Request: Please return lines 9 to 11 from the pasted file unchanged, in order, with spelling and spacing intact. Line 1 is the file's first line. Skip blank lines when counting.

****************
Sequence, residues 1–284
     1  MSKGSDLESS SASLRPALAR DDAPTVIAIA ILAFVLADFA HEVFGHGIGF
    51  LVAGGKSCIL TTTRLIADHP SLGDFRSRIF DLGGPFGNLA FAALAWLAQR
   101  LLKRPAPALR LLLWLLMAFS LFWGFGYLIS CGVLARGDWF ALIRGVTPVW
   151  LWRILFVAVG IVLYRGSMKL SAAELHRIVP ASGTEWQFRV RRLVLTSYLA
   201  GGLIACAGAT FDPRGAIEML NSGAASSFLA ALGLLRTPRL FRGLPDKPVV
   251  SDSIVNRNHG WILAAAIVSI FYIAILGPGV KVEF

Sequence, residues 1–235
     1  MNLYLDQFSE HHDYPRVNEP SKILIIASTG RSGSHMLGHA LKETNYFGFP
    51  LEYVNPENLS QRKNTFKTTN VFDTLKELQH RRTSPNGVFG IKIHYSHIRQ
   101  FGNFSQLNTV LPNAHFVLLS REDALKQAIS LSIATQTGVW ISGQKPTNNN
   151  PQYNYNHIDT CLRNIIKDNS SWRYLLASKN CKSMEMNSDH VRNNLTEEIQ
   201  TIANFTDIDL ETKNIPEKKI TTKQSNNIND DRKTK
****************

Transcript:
     1  MNLYLDQFSE HHDYPRVNEP SKILIIASTG RSGSHMLGHA LKETNYFGFP
    51  LEYVNPENLS QRKNTFKTTN VFDTLKELQH RRTSPNGVFG IKIHYSHIRQ
   101  FGNFSQLNTV LPNAHFVLLS REDALKQAIS LSIATQTGVW ISGQKPTNNN